The recent surprise coup attempt by some members of the military in Turkey was quickly put down by President Recep Tayyip Erdogan and his supporters. However, the fallout is likely to linger and negatively impact the country and companies doing cross-border business with Turkey.
President Erdogan’s reaction to the coup indicates that he no longer adheres to the constitutional view of the role of president as a leader who is above party politics and acts as a mediator in times of tension. The government immediately cracked down on the military, the judiciary, the police, academia, and other public-sector institutions. In total, some 80,000 individuals have been arrested, detained, suspended, or fired.
By declaring a three-month-long “state of emergency,” Erdogan’s government can bypass parliament when drafting new laws and can restrict rights and freedoms. Furthermore, the constitutional court cannot challenge the new legislation. Thus, at least in the short term, democracy appears to be weakening in the aftermath of the coup.
On the economic front, the coup has worsened the country’s precarious external macroeconomic position. The already weak lira depreciated further, putting more pressure on inflation, which was already above target. This will undermine household and business purchasing power. Along with falling investment, this will undermine real GDP growth, which Dun & Bradstreet now expects to fall to 3.6% in 2016 compared with 4% prior to the failed coup.
The coup and its aftermath present a number of challenges for businesses operating in Turkey. The first is likely to be an increase in bureaucratic impediments as the government’s purge of public-sector workers has reduced the capacity of state institutions to conduct business-related activity. Second, the ruling AKP has filled the top positions of some public sector institutions with its supporters, further politicizing the business environment. Third, businesses with links to the Gulenist movement and possibly other opponents of Erdogan’s government could have their assets expropriated and be subjected to tax investigations. The tourist sector, already under pressure as a result of recent high-profile bombings, faces even more challenging times as visitor numbers fall.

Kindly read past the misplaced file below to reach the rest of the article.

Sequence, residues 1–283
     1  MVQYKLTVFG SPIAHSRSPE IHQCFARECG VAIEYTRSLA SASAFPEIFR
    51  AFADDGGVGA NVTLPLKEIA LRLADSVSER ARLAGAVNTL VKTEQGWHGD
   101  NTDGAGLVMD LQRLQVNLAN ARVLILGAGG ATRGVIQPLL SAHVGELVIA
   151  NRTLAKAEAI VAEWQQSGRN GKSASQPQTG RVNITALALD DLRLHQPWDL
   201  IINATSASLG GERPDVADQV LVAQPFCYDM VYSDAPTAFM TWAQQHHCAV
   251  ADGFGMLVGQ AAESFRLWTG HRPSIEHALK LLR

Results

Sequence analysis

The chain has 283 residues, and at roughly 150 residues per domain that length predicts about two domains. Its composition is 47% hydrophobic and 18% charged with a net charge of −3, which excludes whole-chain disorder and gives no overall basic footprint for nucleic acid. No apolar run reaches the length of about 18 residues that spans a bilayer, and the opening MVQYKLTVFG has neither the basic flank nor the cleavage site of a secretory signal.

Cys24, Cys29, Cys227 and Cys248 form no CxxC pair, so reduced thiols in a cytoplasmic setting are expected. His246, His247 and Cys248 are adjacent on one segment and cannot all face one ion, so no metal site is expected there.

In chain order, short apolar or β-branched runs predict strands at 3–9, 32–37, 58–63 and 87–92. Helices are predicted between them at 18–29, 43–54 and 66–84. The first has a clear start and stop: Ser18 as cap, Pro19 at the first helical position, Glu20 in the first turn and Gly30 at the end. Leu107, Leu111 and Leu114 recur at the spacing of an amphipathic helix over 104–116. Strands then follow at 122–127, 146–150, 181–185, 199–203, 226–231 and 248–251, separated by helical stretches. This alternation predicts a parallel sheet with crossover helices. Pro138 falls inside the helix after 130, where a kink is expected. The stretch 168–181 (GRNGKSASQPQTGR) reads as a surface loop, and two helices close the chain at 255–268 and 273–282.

In terms of security, the weakened military could lead to increased Islamic State activity, potentially impacting supply chains in the short run and undermining investor confidence. More positively, the government could be forced to restart negotiations with the Kurdish separatist group, the PKK, which would reduce supply-chain disruption in southeastern Turkey.
Meanwhile, the reactions of the government to the coup will raise tensions with the European Union (EU), which could signal the final death knell for the slow-moving, long-running EU accession negotiations.
As a result of the changes brought on by the coup attempt, Dun & Bradstreet is providing these insights and recommendations to companies involved in cross-border trade with Turkey:
- Expect the business regulatory environment to deteriorate over the next 12 months.
- If dealing with businesses that are linked to the Gulenist movement (and, potentially, others opposed to the AKP), expect these businesses to face more challenging operating conditions in the short term.
- Also if dealing with these businesses, plan for possible currency transfer delays, as the AKP may curtail their access to foreign currency or impose conditions on foreign-currency transfers.
- Put in place plans for short-term supply-chain interruptions due to terrorist activity or demonstrations in the major cities.
- Be prepared for high levels of foreign exchange (FX) volatility; use hedging to mitigate the elevated FX risk.
- Portfolio managers should consider the increased risks of investing in Turkey against lower expected returns.
- If looking at investing in Turkey with a view to the country gaining EU membership, reconsider your plans, as accession is unlikely to happen within the next five years at the very minimum.
- On a positive note, if government-PKK relations improve, consider investing in the southeast, but be prepared for further outbreaks of violence between the two sides.
Dr. Warwick Knowles is the Deputy Chief Economist on D&B’s Global Data, Insight & Analytics team. Based in Marlow, UK, he covers global issues and the Middle East and North Africa for D&B Macro Market/Country Insight Products. Previously he taught Middle East politics and political economy for almost a decade at both Newcastle and Durham Universities and has published widely on regional issues and the hydrocarbon sector.